A.k.a. - the hardest thing I have ever done in my entire life. Ever.
Layne desperately wanted to go gorilla trekking while we were in Africa. I was a little less interested, and by a little I mean significantly. First of all, we're not big hikers. Meaning... I had never hiked outside of church camp before, and I had certainly never paid hundreds of dollars for the joy of climbing through the mountains. And where do you do gorilla trekking? The Bwindi Impenetrable Forest. The area is also nicknamed "Land of a Thousand Hills." That terrain sounds like it's for beginners, right? Second of all, I had developed a fear of monkeys. And considering gorillas are approximately 5,000x stronger than Colobus Monkeys, I was a slightly terrified that this hike may result in my life ending. Nbd - whatever.
But Layne was just so excited for it! So even when "The Sickness" hit for the first time just two days before the trip was scheduled and it cost us more than $1,000 on top of what we were already paying to re-schedule it, we were committed. And that's how I ended up ringing in 2016 in the mountains of Rwanda.
Let me just say - Rwanda was beautiful. Like, incredibly, stunningly, gorgeous. Kigali, the capital, was similar to Nairobi but with a few key differences. It was a smaller city, and because of Rwanda's recent genocide and new government, the city had all new infrastructure. And once a month, the entire community participates in a cleaning day, meaning that instead of the littered streets and disorder of Nairobi, the grass in Kigali is neatly clipped and all of the rubbish put in bins. The roads are smoothly paved, and almost all of them have sidewalks. While the style of the buildings and gates were familiar, the manicured streets were startlingly different.
As we drove north, the scenery was incredible. Rolling hills laid out with checkered plots of tea and coffee plantations, and rusty corrugated steel roofs tucked around the lush greenery. After a very quiet New Year's, we woke at 5 a.m. and headed straight for the rainforest. We took winding roads through the mountains, at times so narrow we teetered dangerously on the edge. The morning mists rose like a wall at the edge of every cliff, swirling and reaching greedy fingers toward our van. The dirt road was washed out in several places, nothing left but a rockslide where a path used to be. I wish I had taken some photos, but I wasn't feeling so well (what a surprise) and was intently focused on sticking my head as far out the window as I could, gasping for fresh air and trying not to throw up as we wound through the mountains and deeper into the forest.
After a brief explanation from the park rangers, we broke into groups. Not too many people can get close to the gorillas, so you're limited to eight civilians, 2 guides, and 2 armed park rangers. There are mountain elephants in the area, and African elephants are vicious - unlike the Asian elephants that can be ridden. The armed rangers won't shoot the elephants; just shoot a blank to scare them off.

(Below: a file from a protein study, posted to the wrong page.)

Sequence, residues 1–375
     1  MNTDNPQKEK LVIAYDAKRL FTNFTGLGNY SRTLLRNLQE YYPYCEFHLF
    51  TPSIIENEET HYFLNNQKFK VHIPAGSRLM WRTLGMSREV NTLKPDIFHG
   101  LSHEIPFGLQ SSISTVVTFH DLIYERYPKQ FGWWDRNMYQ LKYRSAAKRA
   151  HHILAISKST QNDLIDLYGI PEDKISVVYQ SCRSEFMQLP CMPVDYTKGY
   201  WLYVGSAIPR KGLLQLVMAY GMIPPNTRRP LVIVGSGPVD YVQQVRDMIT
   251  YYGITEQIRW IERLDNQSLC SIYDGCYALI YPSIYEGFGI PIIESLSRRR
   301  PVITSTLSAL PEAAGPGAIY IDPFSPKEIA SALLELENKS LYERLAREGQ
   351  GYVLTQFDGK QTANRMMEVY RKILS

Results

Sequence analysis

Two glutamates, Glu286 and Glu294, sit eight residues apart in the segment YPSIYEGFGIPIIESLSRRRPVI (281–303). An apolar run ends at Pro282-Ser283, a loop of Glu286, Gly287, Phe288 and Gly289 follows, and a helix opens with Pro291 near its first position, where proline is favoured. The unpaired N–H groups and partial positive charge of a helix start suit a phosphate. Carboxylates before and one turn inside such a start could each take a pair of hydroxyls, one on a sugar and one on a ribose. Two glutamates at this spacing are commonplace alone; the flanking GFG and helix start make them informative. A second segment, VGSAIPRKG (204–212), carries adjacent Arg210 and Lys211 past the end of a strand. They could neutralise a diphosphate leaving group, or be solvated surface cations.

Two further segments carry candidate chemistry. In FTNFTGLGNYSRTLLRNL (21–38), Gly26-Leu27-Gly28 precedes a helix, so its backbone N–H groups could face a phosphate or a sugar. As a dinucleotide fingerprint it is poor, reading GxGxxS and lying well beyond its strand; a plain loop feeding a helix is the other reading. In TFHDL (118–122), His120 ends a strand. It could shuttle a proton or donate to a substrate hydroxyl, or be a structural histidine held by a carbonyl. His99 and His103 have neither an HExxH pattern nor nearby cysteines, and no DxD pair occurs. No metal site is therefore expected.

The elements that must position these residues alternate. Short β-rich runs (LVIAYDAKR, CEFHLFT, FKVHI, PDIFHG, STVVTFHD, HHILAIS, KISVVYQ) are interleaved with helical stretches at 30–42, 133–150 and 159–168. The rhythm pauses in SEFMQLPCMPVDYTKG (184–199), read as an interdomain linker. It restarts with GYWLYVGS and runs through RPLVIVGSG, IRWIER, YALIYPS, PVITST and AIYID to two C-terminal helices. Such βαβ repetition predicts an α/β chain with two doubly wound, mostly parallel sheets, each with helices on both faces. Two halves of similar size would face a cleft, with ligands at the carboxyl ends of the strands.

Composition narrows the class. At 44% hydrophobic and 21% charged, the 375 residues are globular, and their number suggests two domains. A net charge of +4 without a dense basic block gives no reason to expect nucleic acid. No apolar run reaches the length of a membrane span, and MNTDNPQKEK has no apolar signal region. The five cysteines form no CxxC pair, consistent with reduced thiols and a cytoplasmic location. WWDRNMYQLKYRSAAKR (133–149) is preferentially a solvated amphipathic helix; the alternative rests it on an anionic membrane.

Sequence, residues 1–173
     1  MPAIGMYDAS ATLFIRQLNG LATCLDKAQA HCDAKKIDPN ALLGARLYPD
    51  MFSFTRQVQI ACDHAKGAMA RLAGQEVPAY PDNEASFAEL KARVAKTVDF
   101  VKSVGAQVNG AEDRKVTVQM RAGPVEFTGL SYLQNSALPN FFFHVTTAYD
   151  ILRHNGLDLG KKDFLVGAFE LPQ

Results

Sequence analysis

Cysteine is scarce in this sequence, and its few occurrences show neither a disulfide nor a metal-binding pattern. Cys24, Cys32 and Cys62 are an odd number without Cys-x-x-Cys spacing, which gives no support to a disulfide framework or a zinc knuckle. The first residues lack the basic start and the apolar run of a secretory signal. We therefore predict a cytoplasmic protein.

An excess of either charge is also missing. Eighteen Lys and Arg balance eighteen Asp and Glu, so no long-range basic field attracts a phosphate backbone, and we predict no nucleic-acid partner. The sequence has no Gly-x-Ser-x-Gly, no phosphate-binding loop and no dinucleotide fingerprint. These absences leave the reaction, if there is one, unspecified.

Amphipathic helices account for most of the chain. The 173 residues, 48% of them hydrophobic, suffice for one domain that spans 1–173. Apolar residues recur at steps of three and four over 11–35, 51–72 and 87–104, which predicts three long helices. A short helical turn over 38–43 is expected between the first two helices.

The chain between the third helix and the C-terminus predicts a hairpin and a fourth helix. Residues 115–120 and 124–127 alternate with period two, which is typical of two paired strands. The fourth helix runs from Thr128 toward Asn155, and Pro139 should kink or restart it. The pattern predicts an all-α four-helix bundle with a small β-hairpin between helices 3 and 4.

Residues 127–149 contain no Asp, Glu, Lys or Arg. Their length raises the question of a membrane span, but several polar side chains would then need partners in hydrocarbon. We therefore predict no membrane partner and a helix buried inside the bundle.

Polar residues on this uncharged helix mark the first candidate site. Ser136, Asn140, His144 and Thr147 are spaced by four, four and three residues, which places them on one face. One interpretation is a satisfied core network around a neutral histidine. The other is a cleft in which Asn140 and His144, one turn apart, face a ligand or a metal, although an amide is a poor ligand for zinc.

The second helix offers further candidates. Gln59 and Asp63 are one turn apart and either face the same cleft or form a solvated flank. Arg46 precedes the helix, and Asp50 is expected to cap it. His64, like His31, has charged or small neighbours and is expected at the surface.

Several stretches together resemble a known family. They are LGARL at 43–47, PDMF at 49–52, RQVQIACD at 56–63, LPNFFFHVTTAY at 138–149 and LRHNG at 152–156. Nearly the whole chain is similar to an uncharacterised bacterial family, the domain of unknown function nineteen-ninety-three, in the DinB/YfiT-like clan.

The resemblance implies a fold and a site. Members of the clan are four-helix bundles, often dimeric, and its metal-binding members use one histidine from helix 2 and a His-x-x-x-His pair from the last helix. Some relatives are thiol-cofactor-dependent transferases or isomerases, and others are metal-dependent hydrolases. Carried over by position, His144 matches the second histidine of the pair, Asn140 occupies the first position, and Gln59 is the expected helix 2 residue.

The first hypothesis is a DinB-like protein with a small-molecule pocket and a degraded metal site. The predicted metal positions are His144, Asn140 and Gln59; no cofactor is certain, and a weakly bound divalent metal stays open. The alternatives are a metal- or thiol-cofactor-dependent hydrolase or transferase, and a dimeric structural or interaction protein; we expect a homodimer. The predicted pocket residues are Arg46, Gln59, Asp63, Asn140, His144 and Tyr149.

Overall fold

We began our six mile hike - up one mountain, down the other side, then up again, and down again. The guides were bushwhacking in front of us the whole time, cutting through the forest the most direct path to the gorillas. The ground was slick with the morning dew, vines and leaves completely covering the ground. I found myself standing on the side of a mountain, on a steep 60 degree angle, clinging to the vines that had not been chopped down as my feet slid around below me, the occasional branch snapping and dropping one leg another few inches. At one point, I lost my shoe in the vines, and had to stop our entire party as I untangled it and tied it back on more firmly.
We heard the gorillas before we saw them. Low grunts and cracking branches, though the giant gorillas were still completely hidden in the lush vegetation. Then - suddenly - directly overhead...
He stared down at us with watchful eyes, slowly munching on leaves and making it clear to all of us that this was his domain and we were just visitors.
Then we went around another corner, and there was the lead silverback of the group. He pensively munched leaves for a while. Layne's favorite part was when he leaned to the side, let one rip, and then settled back down. Then he turned and walked away, giving us a great view of the infamous silver-colored back. Our guides hacked a path behind him, and suddenly we found ourselves in the midst of the entire family.
The gorilla families have been conditioned for years to accept human presence. Still, you can only spend an hour with them before you need to leave them on their own.
More than any other experience we had in Africa, this is one that people described as "once in a lifetime." There are only a handful of places where you can find these lowland gorillas, and since they limit trekking permits and the location is so remote, it definitely felt that way. I am incredibly glad that we took advantage of this opportunity when we were so close. The similarities between us and the gorillas was shocking, and there was a of emotion in their eyes. They were somehow wild and domestic at the same time, and sharing a small moment in time with them was indescribable.